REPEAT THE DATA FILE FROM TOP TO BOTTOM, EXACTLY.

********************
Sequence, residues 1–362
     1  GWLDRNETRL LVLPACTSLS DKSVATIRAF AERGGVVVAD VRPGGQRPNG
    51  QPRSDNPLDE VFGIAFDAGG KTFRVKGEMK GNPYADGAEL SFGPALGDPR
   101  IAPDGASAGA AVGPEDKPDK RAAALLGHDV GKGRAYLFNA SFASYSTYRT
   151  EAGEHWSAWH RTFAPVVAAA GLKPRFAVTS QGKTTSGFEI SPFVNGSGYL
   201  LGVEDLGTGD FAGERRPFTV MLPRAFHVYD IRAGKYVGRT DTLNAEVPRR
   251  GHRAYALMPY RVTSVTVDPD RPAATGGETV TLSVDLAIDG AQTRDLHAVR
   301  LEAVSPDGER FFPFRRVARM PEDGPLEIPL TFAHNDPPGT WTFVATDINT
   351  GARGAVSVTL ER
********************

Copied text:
Sequence, residues 1–362
     1  GWLDRNETRL LVLPACTSLS DKSVATIRAF AERGGVVVAD VRPGGQRPNG
    51  QPRSDNPLDE VFGIAFDAGG KTFRVKGEMK GNPYADGAEL SFGPALGDPR
   101  IAPDGASAGA AVGPEDKPDK RAAALLGHDV GKGRAYLFNA SFASYSTYRT
   151  EAGEHWSAWH RTFAPVVAAA GLKPRFAVTS QGKTTSGFEI SPFVNGSGYL
   201  LGVEDLGTGD FAGERRPFTV MLPRAFHVYD IRAGKYVGRT DTLNAEVPRR
   251  GHRAYALMPY RVTSVTVDPD RPAATGGETV TLSVDLAIDG AQTRDLHAVR
   301  LEAVSPDGER FFPFRRVARM PEDGPLEIPL TFAHNDPPGT WTFVATDINT
   351  GARGAVSVTL ER